In late summer 2006, via Billboard and their official website, Nickel Creek announced that at the end of the year they would no longer be recording together as a group and their tour scheduled through 2007 would be their last for an indefinite period of time. According to Thile, "It's always been so natural, but lately it hasn't been quite as natural and we're running the risk of actually having to break up. We would rather leave it for a while, while it's still intact and healthy."[29]

Sean Watkins stated that all three members were ready to expand their musical horizons by experiencing real life again: "When you're on the road all the time and meet all these people who love your music, you can't always relate to them because stuff never happens to you. We're supposed to be writing songs that relate to other people... I need to be out there and having a different life than that. I am ready to write about real things again."[29]

Sara Watkins and Chris Thile on the Farewell (For Now) Tour in April 2007.

In November 2006, Sugar Hill released Reasons Why: The Very Best, a compilation album of selected studio tracks from Nickel Creek's three latest albums, as well as two previously un-released tracks and all of the music videos from the trio's singles.[30]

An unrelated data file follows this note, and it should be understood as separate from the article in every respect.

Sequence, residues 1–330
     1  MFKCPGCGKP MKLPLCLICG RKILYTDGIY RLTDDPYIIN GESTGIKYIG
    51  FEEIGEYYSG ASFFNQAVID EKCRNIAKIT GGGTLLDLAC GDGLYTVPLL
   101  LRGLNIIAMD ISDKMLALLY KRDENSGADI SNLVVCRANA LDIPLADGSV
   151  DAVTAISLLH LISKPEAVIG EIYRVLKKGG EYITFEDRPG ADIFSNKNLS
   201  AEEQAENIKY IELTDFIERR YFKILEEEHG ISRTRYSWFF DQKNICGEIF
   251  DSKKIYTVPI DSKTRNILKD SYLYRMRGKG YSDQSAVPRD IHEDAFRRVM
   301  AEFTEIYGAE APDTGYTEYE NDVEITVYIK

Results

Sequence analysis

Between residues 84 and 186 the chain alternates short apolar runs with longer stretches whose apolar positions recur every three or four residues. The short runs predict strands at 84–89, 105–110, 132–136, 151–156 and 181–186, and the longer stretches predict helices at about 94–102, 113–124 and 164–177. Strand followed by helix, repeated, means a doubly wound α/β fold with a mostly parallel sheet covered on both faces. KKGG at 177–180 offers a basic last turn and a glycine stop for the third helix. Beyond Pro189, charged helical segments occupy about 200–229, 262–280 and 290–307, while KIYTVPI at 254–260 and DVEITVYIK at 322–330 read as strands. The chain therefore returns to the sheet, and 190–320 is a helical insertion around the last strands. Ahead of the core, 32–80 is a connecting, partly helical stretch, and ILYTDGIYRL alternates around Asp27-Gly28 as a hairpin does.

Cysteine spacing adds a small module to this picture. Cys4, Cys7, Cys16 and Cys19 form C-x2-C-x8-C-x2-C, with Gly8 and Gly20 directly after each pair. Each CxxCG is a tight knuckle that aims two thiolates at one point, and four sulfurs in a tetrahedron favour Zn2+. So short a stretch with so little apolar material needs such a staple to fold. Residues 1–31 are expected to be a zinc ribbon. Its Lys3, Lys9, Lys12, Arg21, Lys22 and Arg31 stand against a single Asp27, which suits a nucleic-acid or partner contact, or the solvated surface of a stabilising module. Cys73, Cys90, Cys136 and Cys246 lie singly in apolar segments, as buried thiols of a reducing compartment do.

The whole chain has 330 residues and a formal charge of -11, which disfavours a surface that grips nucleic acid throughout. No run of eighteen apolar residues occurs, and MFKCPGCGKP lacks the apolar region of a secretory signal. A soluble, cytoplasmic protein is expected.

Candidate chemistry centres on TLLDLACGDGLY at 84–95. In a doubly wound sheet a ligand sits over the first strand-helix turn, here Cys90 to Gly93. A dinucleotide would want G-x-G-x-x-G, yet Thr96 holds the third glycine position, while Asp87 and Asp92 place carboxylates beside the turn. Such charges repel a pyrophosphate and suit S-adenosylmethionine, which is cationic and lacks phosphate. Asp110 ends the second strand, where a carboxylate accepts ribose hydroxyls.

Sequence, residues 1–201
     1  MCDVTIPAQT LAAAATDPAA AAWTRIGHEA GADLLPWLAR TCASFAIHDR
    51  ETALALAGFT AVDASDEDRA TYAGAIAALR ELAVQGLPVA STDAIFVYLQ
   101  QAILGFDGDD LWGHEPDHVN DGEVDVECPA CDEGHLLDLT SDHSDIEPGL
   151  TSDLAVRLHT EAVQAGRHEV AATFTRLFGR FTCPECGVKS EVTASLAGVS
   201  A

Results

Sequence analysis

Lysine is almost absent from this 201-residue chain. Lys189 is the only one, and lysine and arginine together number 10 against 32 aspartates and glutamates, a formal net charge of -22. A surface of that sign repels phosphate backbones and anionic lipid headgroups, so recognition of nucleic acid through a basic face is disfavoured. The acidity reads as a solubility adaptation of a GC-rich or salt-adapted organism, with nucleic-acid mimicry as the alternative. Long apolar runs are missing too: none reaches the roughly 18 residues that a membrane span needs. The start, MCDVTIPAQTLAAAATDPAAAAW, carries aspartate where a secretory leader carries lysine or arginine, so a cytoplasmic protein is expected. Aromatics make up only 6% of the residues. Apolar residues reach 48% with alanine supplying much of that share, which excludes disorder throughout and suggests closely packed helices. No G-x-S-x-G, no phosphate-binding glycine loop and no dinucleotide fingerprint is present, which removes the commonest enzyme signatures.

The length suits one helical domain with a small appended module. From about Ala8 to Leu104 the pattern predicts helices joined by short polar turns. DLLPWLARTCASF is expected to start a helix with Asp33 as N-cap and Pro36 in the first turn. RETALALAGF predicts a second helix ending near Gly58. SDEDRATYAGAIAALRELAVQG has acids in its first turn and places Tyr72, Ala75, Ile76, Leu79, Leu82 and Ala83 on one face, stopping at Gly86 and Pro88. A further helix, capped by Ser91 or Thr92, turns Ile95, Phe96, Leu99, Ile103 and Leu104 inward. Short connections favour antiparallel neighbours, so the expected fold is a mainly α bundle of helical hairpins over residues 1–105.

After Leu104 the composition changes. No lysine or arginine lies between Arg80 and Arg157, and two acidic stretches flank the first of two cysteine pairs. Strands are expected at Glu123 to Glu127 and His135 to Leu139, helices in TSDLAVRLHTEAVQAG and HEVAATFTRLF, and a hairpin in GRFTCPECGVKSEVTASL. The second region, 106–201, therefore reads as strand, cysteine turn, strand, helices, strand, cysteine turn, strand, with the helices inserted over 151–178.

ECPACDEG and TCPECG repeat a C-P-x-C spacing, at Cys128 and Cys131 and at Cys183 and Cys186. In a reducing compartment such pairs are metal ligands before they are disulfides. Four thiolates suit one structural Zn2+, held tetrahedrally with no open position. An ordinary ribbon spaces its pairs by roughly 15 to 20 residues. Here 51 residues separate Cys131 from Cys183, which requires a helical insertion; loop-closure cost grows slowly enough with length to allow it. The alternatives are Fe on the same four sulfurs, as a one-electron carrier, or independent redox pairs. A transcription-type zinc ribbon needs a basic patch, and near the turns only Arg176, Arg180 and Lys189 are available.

In 2006, Nickel Creek planned the Farewell (For Now) Tour, which was originally intended to be called the Victory Lap Tour, but the band's managers thought it would make them sound "presumptuous and boastful".[31] The seven month long Farewell (For Now) Tour started in April 2007 and ended in November 2007. In a statement at the start of the tour, Nickel Creek said that they "wanted to do this in a positive way and take that last lap before our break. We want to see our fans one more time and play with the musicians that have inspired us over the years."[32] The tour featured numerous guest appearances by Glen Phillips,[33][34] Jon Brion,[2] Fiona Apple,[35][36][37][38] Bruce Molsky,[39] Bela Fleck,[37] Tom Brosseau,[37] and Tift Merritt, among others.